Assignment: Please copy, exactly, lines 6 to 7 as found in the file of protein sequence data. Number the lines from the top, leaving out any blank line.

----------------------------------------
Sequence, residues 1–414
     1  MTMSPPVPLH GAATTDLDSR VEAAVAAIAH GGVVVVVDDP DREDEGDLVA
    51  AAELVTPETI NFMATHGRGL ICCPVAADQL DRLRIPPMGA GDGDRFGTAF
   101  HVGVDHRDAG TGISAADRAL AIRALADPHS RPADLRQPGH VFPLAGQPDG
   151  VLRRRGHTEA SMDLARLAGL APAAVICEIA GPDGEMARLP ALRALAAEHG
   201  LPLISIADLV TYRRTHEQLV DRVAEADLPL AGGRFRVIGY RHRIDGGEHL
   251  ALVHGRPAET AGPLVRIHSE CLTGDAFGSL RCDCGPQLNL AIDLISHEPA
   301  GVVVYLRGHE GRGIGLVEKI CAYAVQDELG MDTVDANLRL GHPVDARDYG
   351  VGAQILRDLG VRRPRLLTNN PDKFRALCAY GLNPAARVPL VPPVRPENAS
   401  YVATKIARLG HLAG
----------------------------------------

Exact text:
   201  LPLISIADLV TYRRTHEQLV DRVAEADLPL AGGRFRVIGY RHRIDGGEHL
   251  ALVHGRPAET AGPLVRIHSE CLTGDAFGSL RCDCGPQLNL AIDLISHEPA